5. Accept your anxiety. “The more you don’t want to feel worried, the more that feeling will come back,” says Bricker. So instead, be open to it. Notice the sensation in your stomach and other parts of your body. Let it come and go.
Don’t judge it. Just observe it. “Now mentally pack it into an imagined carry-on bag, which you can store above and below you—the idea being that ‘the anxiety is with me, but I bring it with me and still travel wherever I want,’” says Bricker, who uses this concept as part of Acceptance and Commitment Therapy, a program with the goal of managing anxiety as opposed to fighting it.
6. Try relaxation exercises. Wilson suggests this breathing exercise: Fill your lower lungs, then your upper lungs with air; then exhale slowly while relaxing the muscles in your in your face, jaw, shoulders, and stomach.
Turn your attention to the sound of your breath; if worries interrupt your focus, observe them coming and going, then go right back to focusing on your breath and the present. Wilson also suggests the “10-Second Grip”: Grip the arm rests while contracting your upper and lower arms, stomach, and legs.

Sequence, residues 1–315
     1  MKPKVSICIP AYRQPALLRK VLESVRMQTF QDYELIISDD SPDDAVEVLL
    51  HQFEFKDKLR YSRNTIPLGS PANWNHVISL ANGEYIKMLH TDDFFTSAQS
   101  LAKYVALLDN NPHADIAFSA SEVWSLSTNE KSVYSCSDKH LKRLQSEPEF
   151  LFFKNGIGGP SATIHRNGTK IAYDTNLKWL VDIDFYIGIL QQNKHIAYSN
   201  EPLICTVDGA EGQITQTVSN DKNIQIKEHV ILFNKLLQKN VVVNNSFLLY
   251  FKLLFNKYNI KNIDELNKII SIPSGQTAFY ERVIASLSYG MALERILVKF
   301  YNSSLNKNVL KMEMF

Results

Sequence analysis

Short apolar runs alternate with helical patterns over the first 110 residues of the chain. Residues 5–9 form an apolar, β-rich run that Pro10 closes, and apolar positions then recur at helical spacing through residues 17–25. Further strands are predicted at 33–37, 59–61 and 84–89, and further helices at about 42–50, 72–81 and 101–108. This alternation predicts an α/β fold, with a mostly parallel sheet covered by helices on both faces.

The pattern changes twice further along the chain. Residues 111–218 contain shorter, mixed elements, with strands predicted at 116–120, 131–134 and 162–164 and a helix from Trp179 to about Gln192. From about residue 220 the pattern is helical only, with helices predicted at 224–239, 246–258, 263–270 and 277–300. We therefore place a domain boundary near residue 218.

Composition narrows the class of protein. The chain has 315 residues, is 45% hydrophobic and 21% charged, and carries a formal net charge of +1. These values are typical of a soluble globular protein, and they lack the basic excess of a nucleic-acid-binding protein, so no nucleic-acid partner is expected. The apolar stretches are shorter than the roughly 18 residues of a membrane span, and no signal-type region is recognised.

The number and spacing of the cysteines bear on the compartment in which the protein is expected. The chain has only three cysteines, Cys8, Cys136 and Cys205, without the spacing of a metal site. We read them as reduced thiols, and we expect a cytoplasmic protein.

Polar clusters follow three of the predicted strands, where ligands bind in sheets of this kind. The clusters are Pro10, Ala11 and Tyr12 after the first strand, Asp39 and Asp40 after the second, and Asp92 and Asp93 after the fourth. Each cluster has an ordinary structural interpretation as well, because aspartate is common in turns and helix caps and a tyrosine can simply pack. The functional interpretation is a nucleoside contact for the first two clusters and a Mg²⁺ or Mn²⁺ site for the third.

Hold for ten seconds, then let go as you take in a nice full breath, and then exhale slowly. Repeat. “If you can loosen the muscles in your body, your anxiety will reduce automatically,” says Wilson, who is also founder of anxieties.com.
7. Avoid alcohol and coffee. What’s worse than feeling anxious? Feeling dehydrated, sick, possibly drunk, and anxious. Plus, alcohol is a crutch for avoiding your anxiety as opposed to managing it, says Wilson.
If you truly need chemical help to calm down, talk with your doctor about getting an appropriate prescription medication for use before boarding or during your flight. (It takes about 30 to 45 minutes to take effect.) While there’s no scientific evidence that natural remedies can treat jet lag, it wouldn’t hurt to try a calming herbal tea as opposed to coffee (which can exacerbate jitters).
8. Tap into your oxytocin supply. Oxytocin is the hormone produced during breastfeeding, when you see a baby animal, or romantic arousal. When your body is secreting this so-called “love hormone,” it has trouble secreting stress hormone at the same time, says Bunn.
So try this next time you feel anxious on board: Envision feeding an infant, picking up a kitten, or cuddling with your partner while working a picture of a plane into the scene (OK, it’s hard, but perhaps your significant other, or—in the other scenarios, another person—is holding the picture nearby); in doing so, you encourage the flow of oxytocin as opposed to cortisol in your bloodstream. Practicing before your flight will slowly nudge your brain toward associating planes with warm feelings.
9. Keep track of the flight. When the pilot announces how long the flight will take, write it down. Find a map in your in-flight magazine and draw a line between your departure city and arrival city. Then divide the line up to coincide with the number of hours of your trip.
Set your phone alarm to mark every hour. “In Alcoholics Anonymous, you’re told to take one day at a time; here, you can tell yourself to take one hour at a time,” says Bunn.